McDavid, Oilers ready for Cup climax: ‘Dreamt of yourself playing in that game’

Connor McDavid envisioned this moment.

Growing up in the suburbs north of Toronto — whether it was the outdoor rinks, the arenas or on the street with friends — hockey glory danced in his mind’s eye.

Just like countless Canadian kids.

“You always dreamt of yourself playing in that game and scoring that big goal,” McDavid said. “You’re not sure you’re ever going to get that opportunity.”

After a roller-coaster season and a playoffs with plenty more twists and turns, the stage is set for the superstar captain.

McDavid and the Edmonton Oilers face the Florida Panthers in Game 7 of the Stanley Cup final Monday — the last hurdle in an improbable journey this season.

A disastrous start to the schedule. Last in the overall standings. A coaching change. A near-record-breaking winning streak. Playoff pushback.

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And a trio of victories after trailing the title series 3-0.

“It’s been fun to be a part of,” McDavid said. “The group has played some of our best hockey over the course of the last seven, eight days. We feel good about where things are at.

“It comes down to one game.”

Click to play video: 'Edmonton Oilers fan’s 2018 yearbook prediction close to coming true'

Edmonton Oilers fan’s 2018 yearbook prediction close to coming true

Edmonton is looking to become just the fifth team in NHL history to win a best-of-seven series after trailing 3-0. The 1942 Toronto Maple Leafs — in the middle of the Second World War, some 82 years ago — are the only club to accomplish the feat in the final when they stormed back on the Detroit Red Wings.

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The Oilers, who last sat atop the NHL mountain in 1990 when the franchise won its fifth championship, can also end the Cup drought for Canadian-based clubs dating back to the Montreal Canadiens’ 1993 victory.

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“We’re all human, and we’re aware of the situation and what we’ve accomplished so far,” said Edmonton centre Leon Draisaitl, the Robin to McDavid’s Batman through their careers in the Alberta capital.

“We have to focus on winning one hockey game on the road and play our best.

“All the stories will take care of itself after.”

Florida raced out to its 3-0 lead before McDavid took over in Game 4 and Game 5 with a pair of mesmerizing four-point displays.

The Oilers then picked up a 5-1 victory in Game 6 — the third time the Cup was polished and ready to be presented to the Panthers — at home Friday to send everyone back to South Florida.

“Just sticking with it,” Edmonton centre Adam Henrique said. “Believing in each other.”

Florida, meanwhile, is aiming to avoid an ugly place in the record books.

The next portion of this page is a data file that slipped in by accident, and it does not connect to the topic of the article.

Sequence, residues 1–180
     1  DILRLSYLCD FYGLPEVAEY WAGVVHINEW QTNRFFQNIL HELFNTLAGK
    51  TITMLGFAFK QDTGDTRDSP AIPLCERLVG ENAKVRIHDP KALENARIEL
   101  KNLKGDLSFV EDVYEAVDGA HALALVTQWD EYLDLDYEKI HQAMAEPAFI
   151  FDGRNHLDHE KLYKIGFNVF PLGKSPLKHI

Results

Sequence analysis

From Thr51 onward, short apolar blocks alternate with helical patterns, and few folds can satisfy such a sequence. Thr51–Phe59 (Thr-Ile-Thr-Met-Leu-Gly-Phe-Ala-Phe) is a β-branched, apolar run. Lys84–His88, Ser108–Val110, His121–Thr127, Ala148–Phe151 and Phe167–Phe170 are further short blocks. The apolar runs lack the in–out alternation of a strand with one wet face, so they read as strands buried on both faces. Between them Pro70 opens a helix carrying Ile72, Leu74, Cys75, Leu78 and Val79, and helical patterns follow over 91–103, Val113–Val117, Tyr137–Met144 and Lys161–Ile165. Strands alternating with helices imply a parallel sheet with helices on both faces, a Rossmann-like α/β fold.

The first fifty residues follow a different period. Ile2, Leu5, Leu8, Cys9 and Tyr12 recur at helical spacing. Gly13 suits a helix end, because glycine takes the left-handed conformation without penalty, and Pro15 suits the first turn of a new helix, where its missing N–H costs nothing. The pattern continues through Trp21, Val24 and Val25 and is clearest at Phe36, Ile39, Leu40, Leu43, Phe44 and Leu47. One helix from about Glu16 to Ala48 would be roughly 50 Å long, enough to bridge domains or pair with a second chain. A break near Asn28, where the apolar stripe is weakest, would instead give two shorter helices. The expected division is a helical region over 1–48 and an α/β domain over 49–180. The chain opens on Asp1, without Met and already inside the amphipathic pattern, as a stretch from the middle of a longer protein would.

Click to play video: 'Deliriously happy Edmonton Oilers fans celebrate Game 6 win'

Deliriously happy Edmonton Oilers fans celebrate Game 6 win

The Panthers remain in a terrific position to win the franchise’s first Cup after losing in the 1996 final and then again last spring.

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But the motivation of not having your name associated with an epic collapse might be just as big a motivator.

“Doesn’t matter how it’s gone or how you draw it up,” Panthers winger Matthew Tkachuk said at the team’s Fort Lauderdale practice facility ahead of the 1,400th and final contest of the NHL campaign.

“They lost the first three, we lost the next three … it’s even right now. It doesn’t matter what has happened to get to this point.

“It’s easy to forget.”

Edmonton, which holds a 20-5 aggregate scoreline over the last 10 periods, has ridden solid goaltending Stuart Skinner and detail-oriented defensive structure to get into a position not many outside the locker room predicted just 10 days ago.

It is, however, slightly easier to believe when your team has the best player in the world.

“He can do magical things,” Edmonton winger Corey Perry said of McDavid, a three-time NHL MVP. “It’s not a switch he flips, but all of a sudden he’s dancing through three or four guys.”

Click to play video: 'Edmonton Oilers: What fans can expect from game 7'

Edmonton Oilers: What fans can expect from game 7

The only Oilers player with a Cup ring won with Anaheim in 2007. Perry then lost in 2020 with Dallas, in 2021 with Montreal, and in 2022 with Tampa Bay.

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“You dream of playing Game 7s and being a hero, on the backyard rink, on the street,” he said.

“Now it’s reality. Now you get to live that. Somebody, and hopefully he’s in this room … will go down in history for being the hero.”

The Panthers have the same hope.

“I was one of those kids,” Florida captain Aleksander Barkov said. “I’m thinking about like, ‘This is Game 7 of the Stanley Cup playoffs.’ You think about those moments.

“Now it’s becoming a truth … the most exciting time to be a hockey player.”

It’s fitting on some level the furthest distance between cities in a final — Edmonton and Sunrise are more than 4,000 kilometres apart — is going the distance.

“It’s been a long road to get to this point,” said McDavid, the first pick at the 2015 draft and hockey’s most-hyped talent since Sidney Crosby.

“A lot of ups and downs, a lot of lessons along the way.”

And a lot of dreams about what Monday might bring.

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